Skip to content

Email Subscription

This field is for validation purposes and should be left unchanged.

Generic selectors
Exact matches only
Search in title
Search in content
Post Type Selectors

Environmental Permitting for New Facilities

PPM Simplifies
PPM Simplifies
Environmental Permitting for New Facilities

When building a new facility there a lot of nuances and challenges related to environmental compliance. Thad McCoy specializes in this very topic and joins Todd Perry for this episode of PPM Simplifies.

Thad is an engineer at PPM with more than 25 years experience. He has exceptional knowledge of state and federal regulations. He works with clients to find a sound resolution of compliance and environmental issues and works to efficiently prepare permitting applications.

Constructing a new facility can be challenging due to the extent and complexity of environmental
regulations. Clients and their construction project team must determine the applicability of federal and
state air, water, and solid and hazardous waste regulations. These regulations typically require obtaining
environmental permits before construction begins, especially, air and water regulations. In some cases,
permits must be obtained even before soil is disturbed.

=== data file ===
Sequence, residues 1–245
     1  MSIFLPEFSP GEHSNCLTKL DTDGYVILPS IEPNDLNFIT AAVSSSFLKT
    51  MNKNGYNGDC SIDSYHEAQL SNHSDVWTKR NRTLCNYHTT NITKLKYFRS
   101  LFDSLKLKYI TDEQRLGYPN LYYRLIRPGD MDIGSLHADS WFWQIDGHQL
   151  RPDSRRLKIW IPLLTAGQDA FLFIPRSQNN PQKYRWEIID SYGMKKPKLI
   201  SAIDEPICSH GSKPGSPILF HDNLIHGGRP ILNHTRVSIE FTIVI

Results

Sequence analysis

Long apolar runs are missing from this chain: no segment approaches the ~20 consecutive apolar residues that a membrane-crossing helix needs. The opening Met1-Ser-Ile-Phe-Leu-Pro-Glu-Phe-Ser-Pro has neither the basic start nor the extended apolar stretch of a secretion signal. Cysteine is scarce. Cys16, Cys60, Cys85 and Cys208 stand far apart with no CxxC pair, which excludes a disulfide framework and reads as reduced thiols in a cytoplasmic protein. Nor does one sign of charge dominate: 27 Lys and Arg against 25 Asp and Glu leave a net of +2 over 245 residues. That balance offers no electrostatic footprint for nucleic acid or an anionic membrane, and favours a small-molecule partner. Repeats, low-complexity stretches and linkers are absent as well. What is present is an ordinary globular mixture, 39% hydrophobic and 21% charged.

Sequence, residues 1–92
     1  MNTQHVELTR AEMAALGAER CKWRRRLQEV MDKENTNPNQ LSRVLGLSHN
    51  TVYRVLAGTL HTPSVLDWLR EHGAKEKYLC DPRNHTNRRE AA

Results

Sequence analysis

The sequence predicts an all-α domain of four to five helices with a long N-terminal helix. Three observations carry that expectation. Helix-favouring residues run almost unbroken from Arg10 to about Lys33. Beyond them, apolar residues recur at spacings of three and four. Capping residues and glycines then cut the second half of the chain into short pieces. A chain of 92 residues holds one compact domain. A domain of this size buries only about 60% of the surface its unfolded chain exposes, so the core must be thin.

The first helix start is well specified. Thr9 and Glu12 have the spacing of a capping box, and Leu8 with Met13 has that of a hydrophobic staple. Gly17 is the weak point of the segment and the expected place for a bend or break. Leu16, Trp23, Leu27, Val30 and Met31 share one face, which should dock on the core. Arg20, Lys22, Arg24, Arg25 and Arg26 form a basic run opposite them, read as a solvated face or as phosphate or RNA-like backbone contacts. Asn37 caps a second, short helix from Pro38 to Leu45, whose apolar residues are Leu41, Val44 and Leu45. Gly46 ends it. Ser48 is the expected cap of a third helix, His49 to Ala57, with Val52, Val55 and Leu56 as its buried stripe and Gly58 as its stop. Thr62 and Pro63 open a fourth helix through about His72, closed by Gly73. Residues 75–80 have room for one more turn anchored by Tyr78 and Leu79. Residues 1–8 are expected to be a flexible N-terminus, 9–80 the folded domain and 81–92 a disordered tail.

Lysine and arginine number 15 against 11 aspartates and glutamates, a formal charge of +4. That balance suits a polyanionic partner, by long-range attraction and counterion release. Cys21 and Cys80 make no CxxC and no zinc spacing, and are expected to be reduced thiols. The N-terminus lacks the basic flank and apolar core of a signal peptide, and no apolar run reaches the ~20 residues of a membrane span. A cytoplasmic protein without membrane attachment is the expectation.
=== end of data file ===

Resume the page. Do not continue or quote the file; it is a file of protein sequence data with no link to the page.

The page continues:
Advanced project planning for environmental permitting is necessary because the permitting process
can take up to 2-years depending on the complexity of the project. The permitting process will impact
the construction project schedule and clients have to adjust their timeline for startup.

Key Topics and Takeaways

  •  Every state is different and has different environmental regulations
  • It can take up to 18 months to attain permits which can effect construction schedules. It’s important to plan for that
  • Of all the different types of permits, Air Permits are the most complex and are usually needed before construction can begin.
  • The different types of water permits
    • Wetlands Permitting
    • Wastewater Discharge Permitting
    • Stormwater Discharge Permitting (water that falls from the sky onto your site is permitted.)
  • Obtaining a permit is just the beginning of compliance. Facilities must put systems into place to maintain compliance
  • While compliance and permitting applications are a complex process, the cost of non-compliance far outweighs the cost of compliance. Plus compliance with EPA standard is good for human and environmental health

Links and Resources

Todd Perry on LinkedIn
Information on compliance via the EPA 

Back To Top